Re: [vox-tech] wireless cards + Linux Redhat
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Re: [vox-tech] wireless cards + Linux Redhat
The official supported cards list is good, but watch out for _version_
releases of various wireless cards (two cards with same model number can
actually have different chipsets inside - argg!).
There are two VERY well supported wireless card chipsets in Linux,
one PRETTY well supported chipset, and serveral shoddily supported chipsets.
You definately want 802.11b as at this time there is no real Linux support for
any of the A or G stuff (although there is a few very beta G drivers
Here is what I would look for (from my personal experience with several of
1. The Cisco 340 series PCMCIA card. The driver for this card is
phenominal. Cisco wrote a nice proc interface
so you can find out what your card is doing/seeing at all times, and
iwconfig (part of the wireless tools) works well with the card too.
Driver should load automatically on any modern disto that has the
PCMCIA package installed (I use slackware, but I've tested it recently
on Debian too). Reception and WEP support are both great.
The only con is that you won't get it cheap - it's gonna cost you a
good $70-$80, but I think it's worth it. If you don't want to hunt one
down, I know for a fact there is a stack of them at the Sac State bookstore in
their computer department (disclamier: I do work at Sac State, but I'm not
trying to make a sales pitch, I just know they have this card in stock as
of a few days ago).
2. The Orinoco GOLD series card. You're likely to find this card at the
local Ma & Pa computer store (you probably won't see it at Best Buy).
Some of the other name-brand cards are based on this chipset, but be
careful, you can only trust the one that is really from Orinoco. The
driver that comes with the PCMCIA package should also autodetect this
card. Again, great WEP support, etc. Good card. The Orinoco Silver card
works just as well with the same driver but only supports 40bit WEP. If
you know you are not going to rely on WEP and will be using VPN or
something else for security, save a few bucks and get a silver card if
they have one.
3. Anything based on Intersil's Prism II chipset. This includes cards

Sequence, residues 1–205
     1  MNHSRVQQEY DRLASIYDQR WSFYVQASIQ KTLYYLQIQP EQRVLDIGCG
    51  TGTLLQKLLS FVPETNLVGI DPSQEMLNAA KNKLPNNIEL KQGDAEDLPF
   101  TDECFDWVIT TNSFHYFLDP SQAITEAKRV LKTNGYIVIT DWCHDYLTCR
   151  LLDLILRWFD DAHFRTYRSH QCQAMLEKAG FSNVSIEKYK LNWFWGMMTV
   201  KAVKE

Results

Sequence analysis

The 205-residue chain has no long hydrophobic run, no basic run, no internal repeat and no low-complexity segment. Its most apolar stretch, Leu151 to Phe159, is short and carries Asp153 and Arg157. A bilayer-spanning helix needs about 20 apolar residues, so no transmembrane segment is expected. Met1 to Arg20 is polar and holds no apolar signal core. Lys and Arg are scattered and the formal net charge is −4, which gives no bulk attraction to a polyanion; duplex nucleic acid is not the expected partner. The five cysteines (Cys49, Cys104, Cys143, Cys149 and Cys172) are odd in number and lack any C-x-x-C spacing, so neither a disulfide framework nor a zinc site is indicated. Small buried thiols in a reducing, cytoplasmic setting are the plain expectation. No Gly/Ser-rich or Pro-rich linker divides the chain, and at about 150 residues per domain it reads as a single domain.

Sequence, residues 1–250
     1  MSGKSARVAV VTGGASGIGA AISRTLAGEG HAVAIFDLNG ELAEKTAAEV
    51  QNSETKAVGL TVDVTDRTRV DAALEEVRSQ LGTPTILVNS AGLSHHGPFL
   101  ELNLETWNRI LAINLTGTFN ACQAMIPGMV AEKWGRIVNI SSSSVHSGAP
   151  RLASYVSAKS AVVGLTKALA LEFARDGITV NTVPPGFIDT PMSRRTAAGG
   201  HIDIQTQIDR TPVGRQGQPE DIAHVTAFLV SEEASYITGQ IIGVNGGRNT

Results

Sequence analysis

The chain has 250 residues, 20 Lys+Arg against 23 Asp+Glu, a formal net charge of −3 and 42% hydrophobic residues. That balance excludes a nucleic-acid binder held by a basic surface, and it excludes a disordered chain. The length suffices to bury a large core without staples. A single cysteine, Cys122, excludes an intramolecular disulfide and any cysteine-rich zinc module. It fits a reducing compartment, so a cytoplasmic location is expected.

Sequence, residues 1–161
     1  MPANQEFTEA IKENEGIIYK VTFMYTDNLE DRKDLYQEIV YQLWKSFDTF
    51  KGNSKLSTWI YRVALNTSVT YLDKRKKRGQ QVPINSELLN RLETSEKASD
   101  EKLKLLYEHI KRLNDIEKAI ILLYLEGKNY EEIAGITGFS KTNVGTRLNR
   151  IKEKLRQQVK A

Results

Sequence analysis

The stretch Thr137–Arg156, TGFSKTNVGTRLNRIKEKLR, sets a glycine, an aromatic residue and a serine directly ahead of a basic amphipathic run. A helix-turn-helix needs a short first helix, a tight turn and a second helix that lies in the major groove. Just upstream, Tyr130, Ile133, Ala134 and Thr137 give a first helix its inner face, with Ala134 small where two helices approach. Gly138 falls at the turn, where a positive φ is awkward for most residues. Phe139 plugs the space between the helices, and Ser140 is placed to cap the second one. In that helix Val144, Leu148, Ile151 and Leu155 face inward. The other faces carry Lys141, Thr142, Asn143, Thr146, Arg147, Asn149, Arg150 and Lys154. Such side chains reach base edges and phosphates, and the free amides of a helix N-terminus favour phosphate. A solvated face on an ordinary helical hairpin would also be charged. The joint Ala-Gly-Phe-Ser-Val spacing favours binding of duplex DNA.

from Netgear, Linksys, D-Link, and (believe it or not) Microsoft. You
REALLY have to watch out here. I've seen a card from D-Link called the
DWL-650 that has housed as many as three different chipsets, so even
though the card looks similar and has the same box, only one will work
with Linux. For this reason, stay away from D-link and look for cards
from Linksys or Netgear. Watch out for anything that promises 22Mbps
(those cards don't work with Linux at all). One of the best ones is the
Netgear 16-bit MA401. This is important if you have an old laptop that
doesn't support CARDBUS. Redhat users beware: there are two drivers
(actually 3, but I haven't had good luck with the ng_lan driver):
the Wavelan and the Orinoco. Orinoco supports WEP with these cards, the
Wavelan driver does not. For some reason Redhat (as recenlty as 8 - I
haven't tried 9) changed the default PCMCIA config so it loads the Wavelan
driver, and you'll never get WEP until you do some hacking on the PCMCIA config file.
This is the chipset that most of the Compact Flash cards use, and you can
actually get these cards working in a laptop with a $15 CF2PCMCIA adapter.
Once you've got your card inserted and 'lsmod' shows the driver is loaded,
all you have to do is tweak the settings in /etc/pcmcia/network.opts and
/etc/pcmcia/wireless.opts (comments in both of these files are very
helpful and straightforward).
One thing to watch out for is your other network card if you have one.
Some distros have their own custom networking configurations that will
cause PCMCIA to get confused over who is eth0 and eth1. This oddity is
distro specific and so I can't really offer any help except to say that
your system will be happier if the wired ethernet is eth0 even if you
aren't using it. I think (but haven't tested) Suse will call your
wireless card wlan0 (this was the behavior of older verions of the PCMCIA
package and I think some distros are hanging on to that).
That's about it. Good resources are at the pcmica pages (listed in the
URL below) and Wireless tools:
http://www.hpl.hp.com/personal/Jean_Tourrilhes/Linux/. There are a few
card specific tweaks at mobilix.org, but I haven't seen that site updated
with any reliable regularity.
On Tue, 7 Oct 2003, ME wrote:
> Assuming you have the latest install of the pcmcia-cs (or other addition)
> a list of supported cards with pcmcia-cs is here:
> Jonathan Anderson said:
> > Hi I was just wondering if a Siemens 802.11 b wireless card would be
> > compatible with Linux? What cards are compatible? thanks
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